Aside from finding the best fit, one of the most important factors in choosing new software is the cost. Off-the-shelf software is usually the most cost-effective option. Because it’s scalable, the cost of the build is spread across multiple training businesses and therefore not absorbed entirely by your business, as with a custom-build. They’re usually subscription-model based with monthly or yearly payment options – some with discounts for annual contracts.
There is no upfront development cost, and you can reap the benefits of using the software right away. With a custom-build there is a time delay between first payment and return on investment.
And while new software is a significant investment for your training business, purchasing the wrong software is the single most costly mistake that a business can make. From financial costs, to time investment, to employee impact, business reputation and stability – the repercussions are vast and mostly immeasurable, but the impact is huge. Because of the risk involved, some companies choose to enlist outside help to ensure they get it right. Engaging a consulting firm to help define business requirements and compare and evaluate software options is a viable option, particularly for large organizations with diverse needs.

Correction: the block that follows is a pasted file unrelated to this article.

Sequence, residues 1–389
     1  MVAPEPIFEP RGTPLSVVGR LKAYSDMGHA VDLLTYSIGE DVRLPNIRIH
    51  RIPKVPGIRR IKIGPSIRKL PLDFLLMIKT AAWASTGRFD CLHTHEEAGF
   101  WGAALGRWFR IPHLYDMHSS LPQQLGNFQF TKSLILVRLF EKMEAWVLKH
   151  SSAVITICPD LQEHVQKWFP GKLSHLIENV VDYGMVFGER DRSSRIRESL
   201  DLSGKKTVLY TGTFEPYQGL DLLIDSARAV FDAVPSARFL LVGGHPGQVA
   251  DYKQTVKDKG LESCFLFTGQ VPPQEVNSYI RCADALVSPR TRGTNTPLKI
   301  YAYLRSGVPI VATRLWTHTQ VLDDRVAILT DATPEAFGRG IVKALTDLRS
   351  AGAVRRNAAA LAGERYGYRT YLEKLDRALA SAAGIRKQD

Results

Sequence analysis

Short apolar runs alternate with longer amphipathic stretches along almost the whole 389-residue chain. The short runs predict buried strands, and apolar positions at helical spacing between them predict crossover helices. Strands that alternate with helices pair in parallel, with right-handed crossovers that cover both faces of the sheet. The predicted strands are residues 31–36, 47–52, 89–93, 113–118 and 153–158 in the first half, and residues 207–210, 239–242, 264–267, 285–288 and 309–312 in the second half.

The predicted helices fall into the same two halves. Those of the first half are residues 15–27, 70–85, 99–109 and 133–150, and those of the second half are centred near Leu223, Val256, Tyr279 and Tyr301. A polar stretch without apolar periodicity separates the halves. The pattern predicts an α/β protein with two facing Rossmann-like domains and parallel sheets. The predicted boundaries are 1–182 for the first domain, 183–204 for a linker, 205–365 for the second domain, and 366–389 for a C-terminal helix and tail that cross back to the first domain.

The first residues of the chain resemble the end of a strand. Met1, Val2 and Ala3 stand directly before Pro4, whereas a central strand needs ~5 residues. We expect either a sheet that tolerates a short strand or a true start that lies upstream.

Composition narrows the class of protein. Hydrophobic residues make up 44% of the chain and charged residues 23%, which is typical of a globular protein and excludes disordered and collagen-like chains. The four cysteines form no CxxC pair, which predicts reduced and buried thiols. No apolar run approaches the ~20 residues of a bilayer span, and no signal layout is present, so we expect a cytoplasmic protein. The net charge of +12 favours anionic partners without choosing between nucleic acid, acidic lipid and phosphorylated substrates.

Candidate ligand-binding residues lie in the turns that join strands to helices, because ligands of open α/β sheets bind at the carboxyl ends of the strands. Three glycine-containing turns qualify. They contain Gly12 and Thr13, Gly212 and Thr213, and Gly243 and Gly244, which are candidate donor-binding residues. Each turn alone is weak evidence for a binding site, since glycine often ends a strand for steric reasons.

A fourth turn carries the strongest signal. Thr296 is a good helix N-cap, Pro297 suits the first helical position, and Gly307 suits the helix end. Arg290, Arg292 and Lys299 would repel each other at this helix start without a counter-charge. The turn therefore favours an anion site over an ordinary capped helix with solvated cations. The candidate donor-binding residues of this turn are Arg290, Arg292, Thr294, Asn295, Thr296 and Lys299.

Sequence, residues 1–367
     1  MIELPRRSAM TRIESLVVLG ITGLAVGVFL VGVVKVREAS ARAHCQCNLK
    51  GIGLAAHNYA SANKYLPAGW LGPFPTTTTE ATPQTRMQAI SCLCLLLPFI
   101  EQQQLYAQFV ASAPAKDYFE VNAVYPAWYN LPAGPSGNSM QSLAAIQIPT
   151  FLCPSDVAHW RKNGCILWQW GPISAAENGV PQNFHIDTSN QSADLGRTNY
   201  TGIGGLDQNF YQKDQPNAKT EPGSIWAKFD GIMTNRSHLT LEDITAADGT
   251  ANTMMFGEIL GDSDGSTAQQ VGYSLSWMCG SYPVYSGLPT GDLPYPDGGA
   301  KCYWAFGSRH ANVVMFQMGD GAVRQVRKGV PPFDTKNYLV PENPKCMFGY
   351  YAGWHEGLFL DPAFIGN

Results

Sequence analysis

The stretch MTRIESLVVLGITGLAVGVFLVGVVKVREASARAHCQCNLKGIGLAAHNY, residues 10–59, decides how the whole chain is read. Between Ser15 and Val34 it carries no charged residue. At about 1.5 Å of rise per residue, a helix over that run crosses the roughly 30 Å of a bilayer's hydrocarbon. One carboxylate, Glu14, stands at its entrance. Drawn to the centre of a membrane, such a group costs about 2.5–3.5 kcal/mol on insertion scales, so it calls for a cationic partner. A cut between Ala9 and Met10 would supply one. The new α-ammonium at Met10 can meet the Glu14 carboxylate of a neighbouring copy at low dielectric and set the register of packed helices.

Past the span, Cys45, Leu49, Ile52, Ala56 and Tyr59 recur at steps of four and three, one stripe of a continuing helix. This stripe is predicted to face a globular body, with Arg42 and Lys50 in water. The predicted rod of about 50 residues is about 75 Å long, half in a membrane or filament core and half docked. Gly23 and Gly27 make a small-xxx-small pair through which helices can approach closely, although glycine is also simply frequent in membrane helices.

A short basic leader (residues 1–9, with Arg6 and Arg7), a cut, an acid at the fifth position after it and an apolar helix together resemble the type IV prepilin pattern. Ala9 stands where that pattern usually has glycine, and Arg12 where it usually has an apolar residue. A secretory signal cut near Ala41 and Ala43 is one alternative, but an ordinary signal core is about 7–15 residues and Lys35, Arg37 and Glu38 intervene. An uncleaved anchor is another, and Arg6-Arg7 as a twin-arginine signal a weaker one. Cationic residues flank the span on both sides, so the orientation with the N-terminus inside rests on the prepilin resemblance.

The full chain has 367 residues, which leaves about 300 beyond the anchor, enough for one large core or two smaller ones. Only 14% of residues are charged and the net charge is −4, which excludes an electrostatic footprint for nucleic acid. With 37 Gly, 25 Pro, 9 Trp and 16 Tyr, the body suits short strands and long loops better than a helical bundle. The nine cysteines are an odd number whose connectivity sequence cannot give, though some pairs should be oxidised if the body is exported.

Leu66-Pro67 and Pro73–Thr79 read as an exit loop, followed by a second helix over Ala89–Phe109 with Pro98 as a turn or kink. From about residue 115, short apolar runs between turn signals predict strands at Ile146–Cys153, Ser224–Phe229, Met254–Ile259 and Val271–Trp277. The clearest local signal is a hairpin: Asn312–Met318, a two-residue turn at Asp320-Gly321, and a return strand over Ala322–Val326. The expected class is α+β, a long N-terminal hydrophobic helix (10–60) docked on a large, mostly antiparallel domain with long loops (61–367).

But while there is certainly added value from an expertise and process perspective, engaging an external consultant can be a drawn-out exercise, and is often too expensive for small to medium-sized training businesses.
Doing it in-house can be just as effective, so long as you follow a robust process. Some businesses choose to ring-fence a team of internal employees to dedicate time to the project, with representatives from all areas of the business, and dedicated project manager at the helm. Some may hire contractors to see the project through from end-to-end, or to back-fill existing employees who are working on the project. Either way, if you’re going with the in-house, DIY-method, here’s a proven methodology to ensure a smooth and thorough process…
Define your business requirements
When it comes to defining your functional requirements, a good template to use is user stories. A user story looks like this: As a <user>, I want <goal> so that <reason>.